The objective has been to develop a solution within a head mounted display (also referred to as HMD) to track and record where users are looking not only at that particular moment but also how often and how long they are focused on a point for a period of time. We also developed a way to extend the technology’s use for potential training/testing purposes such as a pilot's reaction speed while in flight. While we can easily track and see the general area where users are looking, we wanted to go further and get more accurate locations on where users are looking. We accomplished this with the implementation of eye tracking inside of a head mounted display. This allows for users to be in a realistic simulated environment where everything they subconsciously look at is recorded. The users do not need to remember specific details about their experience, which potentially leads to less bias in what the user remembers.

Virtual Land Surveying

Client: Robert Baffour (College of Engineering)

Kaitlin McFarland, Computer Science

Natalie Lins, Computer Science and Mathematics

Cuza Onyeagba, Computer Science

Brooke Roberts, Computer Science

The purpose of this project is to give students the opportunity to practice using land surveying equipment. Using this equipment can be a struggle for most students, so this virtual world is a great practice environment that eliminates the anxiety that normally comes with real-world use. Real-world land surveying is also time consuming, with surveyors having to move from place to place often. Our virtual world minimizes this travel time using teleportation. Land surveyors use specific equipment to make measurements that aid in general construction. Such construction encompasses roads, railways, bridges, buildings, and much more. The key surveying equipment includes total stations, digital levels, and retroreflectors. Our virtual world utilizes this equipment along with a leveling rod for assisted measurement and a tripod to hold the total station and digital level. Students are able to take measurements alone or with others. Please enjoy experiencing terrestrial measurement in our virtual world!

Fake News VR

Client: Andrew Johnson (UGA Libraries)

Ryker Martin, Computer Science

Bradley Reeves, Computer Science

Kylie Prevatt, Computer Science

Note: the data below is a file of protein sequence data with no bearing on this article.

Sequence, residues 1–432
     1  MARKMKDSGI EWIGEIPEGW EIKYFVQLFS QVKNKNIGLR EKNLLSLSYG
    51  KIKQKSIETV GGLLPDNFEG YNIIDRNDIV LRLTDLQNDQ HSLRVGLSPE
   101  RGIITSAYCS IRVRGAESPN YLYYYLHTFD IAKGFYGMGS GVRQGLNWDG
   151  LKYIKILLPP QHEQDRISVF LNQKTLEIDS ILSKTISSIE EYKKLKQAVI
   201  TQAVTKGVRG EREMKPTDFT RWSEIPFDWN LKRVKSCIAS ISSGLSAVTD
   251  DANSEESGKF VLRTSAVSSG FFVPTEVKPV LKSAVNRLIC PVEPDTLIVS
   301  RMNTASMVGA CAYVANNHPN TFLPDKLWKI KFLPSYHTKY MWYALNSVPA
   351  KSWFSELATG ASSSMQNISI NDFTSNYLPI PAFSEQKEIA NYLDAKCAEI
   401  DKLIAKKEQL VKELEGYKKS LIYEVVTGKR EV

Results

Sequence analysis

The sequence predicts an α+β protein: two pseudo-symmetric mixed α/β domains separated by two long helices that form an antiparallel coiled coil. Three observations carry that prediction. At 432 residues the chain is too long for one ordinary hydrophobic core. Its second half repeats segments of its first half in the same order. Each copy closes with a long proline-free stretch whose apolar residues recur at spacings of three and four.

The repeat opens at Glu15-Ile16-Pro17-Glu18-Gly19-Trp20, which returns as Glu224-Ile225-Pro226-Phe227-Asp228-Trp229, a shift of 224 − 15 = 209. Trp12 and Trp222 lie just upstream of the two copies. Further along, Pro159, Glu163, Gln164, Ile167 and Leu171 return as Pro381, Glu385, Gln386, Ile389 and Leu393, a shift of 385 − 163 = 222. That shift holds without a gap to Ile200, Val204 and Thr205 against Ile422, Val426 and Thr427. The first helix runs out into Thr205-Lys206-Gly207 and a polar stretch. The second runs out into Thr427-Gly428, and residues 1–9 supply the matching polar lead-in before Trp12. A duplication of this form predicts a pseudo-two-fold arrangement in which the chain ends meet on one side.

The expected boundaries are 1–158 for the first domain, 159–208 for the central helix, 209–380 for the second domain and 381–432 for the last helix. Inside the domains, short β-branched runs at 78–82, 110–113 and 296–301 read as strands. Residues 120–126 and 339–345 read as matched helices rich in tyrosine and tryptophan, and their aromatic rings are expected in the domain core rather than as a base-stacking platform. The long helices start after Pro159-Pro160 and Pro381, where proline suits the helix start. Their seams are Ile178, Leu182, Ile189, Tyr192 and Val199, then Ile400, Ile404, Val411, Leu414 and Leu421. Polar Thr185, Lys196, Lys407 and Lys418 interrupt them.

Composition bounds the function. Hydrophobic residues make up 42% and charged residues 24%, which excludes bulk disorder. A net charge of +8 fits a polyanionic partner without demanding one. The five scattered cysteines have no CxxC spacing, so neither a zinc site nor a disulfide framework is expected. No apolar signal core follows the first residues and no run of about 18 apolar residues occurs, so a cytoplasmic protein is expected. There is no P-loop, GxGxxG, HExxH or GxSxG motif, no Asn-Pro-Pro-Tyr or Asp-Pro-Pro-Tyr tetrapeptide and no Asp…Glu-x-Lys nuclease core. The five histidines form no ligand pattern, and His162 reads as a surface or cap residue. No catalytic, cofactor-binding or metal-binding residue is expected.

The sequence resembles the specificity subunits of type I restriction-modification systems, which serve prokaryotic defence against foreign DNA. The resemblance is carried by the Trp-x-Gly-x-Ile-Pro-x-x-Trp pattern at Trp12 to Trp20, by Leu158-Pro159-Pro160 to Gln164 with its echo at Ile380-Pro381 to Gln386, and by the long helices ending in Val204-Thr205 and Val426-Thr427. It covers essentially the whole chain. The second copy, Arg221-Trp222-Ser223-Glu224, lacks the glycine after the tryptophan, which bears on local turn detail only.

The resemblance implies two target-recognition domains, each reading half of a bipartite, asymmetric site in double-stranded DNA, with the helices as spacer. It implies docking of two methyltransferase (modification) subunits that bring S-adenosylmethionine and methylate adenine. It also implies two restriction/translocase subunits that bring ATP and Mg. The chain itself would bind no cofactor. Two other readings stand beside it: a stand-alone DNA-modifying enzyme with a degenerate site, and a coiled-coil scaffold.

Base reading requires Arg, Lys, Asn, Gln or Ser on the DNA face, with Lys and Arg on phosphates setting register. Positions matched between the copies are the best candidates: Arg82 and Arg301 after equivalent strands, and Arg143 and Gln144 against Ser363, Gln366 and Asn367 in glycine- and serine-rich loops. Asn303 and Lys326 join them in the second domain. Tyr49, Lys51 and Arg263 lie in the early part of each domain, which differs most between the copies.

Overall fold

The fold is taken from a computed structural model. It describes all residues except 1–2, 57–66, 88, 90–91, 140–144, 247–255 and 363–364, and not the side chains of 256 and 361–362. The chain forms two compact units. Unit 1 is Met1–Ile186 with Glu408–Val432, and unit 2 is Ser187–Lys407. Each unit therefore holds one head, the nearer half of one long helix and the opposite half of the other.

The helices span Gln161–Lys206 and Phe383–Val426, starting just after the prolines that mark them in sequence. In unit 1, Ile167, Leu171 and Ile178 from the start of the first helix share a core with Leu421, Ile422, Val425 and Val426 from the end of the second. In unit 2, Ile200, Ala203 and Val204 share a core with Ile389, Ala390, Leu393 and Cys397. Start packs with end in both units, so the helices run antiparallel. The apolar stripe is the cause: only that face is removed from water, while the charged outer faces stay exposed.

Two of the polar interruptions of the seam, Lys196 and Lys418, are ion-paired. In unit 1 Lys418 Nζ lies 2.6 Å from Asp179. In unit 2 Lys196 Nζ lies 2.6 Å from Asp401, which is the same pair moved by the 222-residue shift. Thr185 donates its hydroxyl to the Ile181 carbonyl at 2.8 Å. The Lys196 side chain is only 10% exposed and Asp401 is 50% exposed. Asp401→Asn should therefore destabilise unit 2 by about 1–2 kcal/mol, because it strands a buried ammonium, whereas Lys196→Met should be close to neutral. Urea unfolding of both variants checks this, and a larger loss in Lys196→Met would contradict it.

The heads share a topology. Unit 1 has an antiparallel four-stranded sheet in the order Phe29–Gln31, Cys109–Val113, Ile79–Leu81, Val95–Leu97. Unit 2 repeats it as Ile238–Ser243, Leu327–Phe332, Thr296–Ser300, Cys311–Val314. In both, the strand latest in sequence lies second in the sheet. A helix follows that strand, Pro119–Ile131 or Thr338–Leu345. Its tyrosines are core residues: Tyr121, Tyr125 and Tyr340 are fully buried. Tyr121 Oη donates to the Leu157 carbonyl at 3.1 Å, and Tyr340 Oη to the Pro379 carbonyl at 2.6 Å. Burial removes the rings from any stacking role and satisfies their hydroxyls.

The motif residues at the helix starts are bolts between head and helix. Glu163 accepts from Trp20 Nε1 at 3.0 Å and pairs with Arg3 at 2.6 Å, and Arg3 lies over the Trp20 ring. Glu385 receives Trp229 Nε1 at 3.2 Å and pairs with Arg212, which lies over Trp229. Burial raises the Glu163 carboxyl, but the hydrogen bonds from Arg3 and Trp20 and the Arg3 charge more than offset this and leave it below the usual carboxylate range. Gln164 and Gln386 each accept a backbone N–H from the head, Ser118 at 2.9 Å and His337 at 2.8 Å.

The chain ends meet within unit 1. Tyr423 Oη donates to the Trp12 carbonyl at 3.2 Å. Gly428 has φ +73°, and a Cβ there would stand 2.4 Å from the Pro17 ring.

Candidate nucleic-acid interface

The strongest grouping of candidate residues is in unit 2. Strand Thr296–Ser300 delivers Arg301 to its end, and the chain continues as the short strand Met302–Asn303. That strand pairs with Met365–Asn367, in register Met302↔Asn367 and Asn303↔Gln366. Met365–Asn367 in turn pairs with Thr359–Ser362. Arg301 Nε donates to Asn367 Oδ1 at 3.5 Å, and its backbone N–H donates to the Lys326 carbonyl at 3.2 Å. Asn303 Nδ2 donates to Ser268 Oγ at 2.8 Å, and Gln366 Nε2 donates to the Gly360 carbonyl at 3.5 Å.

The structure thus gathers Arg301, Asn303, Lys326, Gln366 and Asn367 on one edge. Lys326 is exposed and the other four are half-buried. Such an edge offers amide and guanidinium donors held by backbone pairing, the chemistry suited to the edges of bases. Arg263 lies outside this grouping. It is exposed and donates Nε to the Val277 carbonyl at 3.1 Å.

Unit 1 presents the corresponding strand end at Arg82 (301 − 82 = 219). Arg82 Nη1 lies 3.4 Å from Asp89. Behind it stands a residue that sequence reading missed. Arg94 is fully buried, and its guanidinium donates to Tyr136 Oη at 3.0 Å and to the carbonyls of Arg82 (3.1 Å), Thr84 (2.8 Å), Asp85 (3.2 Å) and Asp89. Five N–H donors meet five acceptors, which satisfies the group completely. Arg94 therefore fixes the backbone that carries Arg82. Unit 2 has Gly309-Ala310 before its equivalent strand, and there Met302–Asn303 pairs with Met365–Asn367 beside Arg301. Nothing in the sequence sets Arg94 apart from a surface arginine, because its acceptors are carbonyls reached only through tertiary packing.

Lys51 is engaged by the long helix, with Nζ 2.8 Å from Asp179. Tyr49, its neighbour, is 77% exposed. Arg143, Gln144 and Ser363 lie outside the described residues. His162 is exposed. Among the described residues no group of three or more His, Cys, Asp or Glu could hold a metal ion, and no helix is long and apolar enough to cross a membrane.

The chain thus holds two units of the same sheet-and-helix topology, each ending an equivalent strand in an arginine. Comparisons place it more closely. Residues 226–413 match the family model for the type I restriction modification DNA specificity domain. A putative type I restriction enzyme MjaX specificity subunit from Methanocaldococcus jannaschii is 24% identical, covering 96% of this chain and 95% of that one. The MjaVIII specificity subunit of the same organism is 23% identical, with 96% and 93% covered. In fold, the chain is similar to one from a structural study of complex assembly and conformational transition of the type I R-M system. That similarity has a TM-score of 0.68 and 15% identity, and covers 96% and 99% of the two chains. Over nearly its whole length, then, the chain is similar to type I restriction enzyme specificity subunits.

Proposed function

Jacob Swanson, Computer Science

Mohd Hasan, Computer Systems Engineering

Fake News VR is a first person virtual reality experience. In this experience, you control a fake news erasing superhero flying around the city ridding it of Fake news. With your trusty eraser you cleanse misleading news, changing the color based on which part of the news source you think is fake (Title, Author, or Content). Certain events will happen when you destroy news sources, such as buildings being destroyed by Tornadoes, or restoring broken buildings. We made this project for the Science Library to help teach students to analyze information and discern between trustworthy news and biased/untrustworthy news.

Surgeon Simulator

Client: Children's Healthcare of Atlanta

Wendy Cai, Computer Systems Engineering

Ying Liu, Computer Systems Engineering

Shan Qamruddin, Computer Systems Engineering

Alex Tunjic, Computer Systems Engineering

Our Surgeon Simulator - Cricothyroidotomy in VR is a tool that can be used by inexperienced doctors to practice certain procedures that are not commonly used. Cricothyroidotomy is a procedure that involves surgically inserting a tube into the patient’s throat to allow the patient to breathe in the event of an obstructed airway. This procedure, although relatively simple and associated with fewer complications, is not performed often. For doctors who are new to the field, the only effective way of training is to perform on an actual patient in a real life or death situation. Our simulator provides a way for these doctors to practice this procedure beforehand and familiarize themselves with each step of the procedure and all of the necessary tools. Our environment is set up to reflect that of an operating room, including a monitor to keep track of vitals, tools that the user can interact with, and a model of the patient to practice on. We also include sound such as the heart rate monitor to simulate the operating environment, and voice command to spawn necessary tools to allow the user to focus on the surgical area, much like in a real operation. There are currently two modes that can be used. The tutorial mode walks the user through each step of the process, with guided tool selection and instructions on how to use the simulator. The free-play mode features the same steps but without guidelines on how to proceed, allowing the user to make their own decisions and potentially make mistakes that may result in failure to complete the procedure.

Static Equilibrium Problem Visualizer

Client: Siddharth Savadatti (College of Engineering)

Brook Bowers, Computer Science

Zhenni Liu, Computer Science

Tarun Lolabattu, Computer Science

Kaitlyn Smith, Computer Science & Linguistics

Jackson Wright, Computer Science

Problems in statics can be difficult to model on paper, and that can make them more challenging for students to understand conceptually. Even students who do well with a 2D rendering of a problem may fail to immediately make the connection to the real world. We offer a solution using virtual reality. We have modeled three rigid body equilibrium problems: a small-scale ‘2D’ problem, a small-scale ‘3D’ problem, and a large-scale problem. We provide the VR user with a few measuring tools and a few dynamically simulated supports to help the user gain deeper insight into these problems in a more immersive and accessible space. Our goal is that this prototype will assist students with their understanding of rigid body equilibrium and inspire exploration into modeling other problem spaces as well.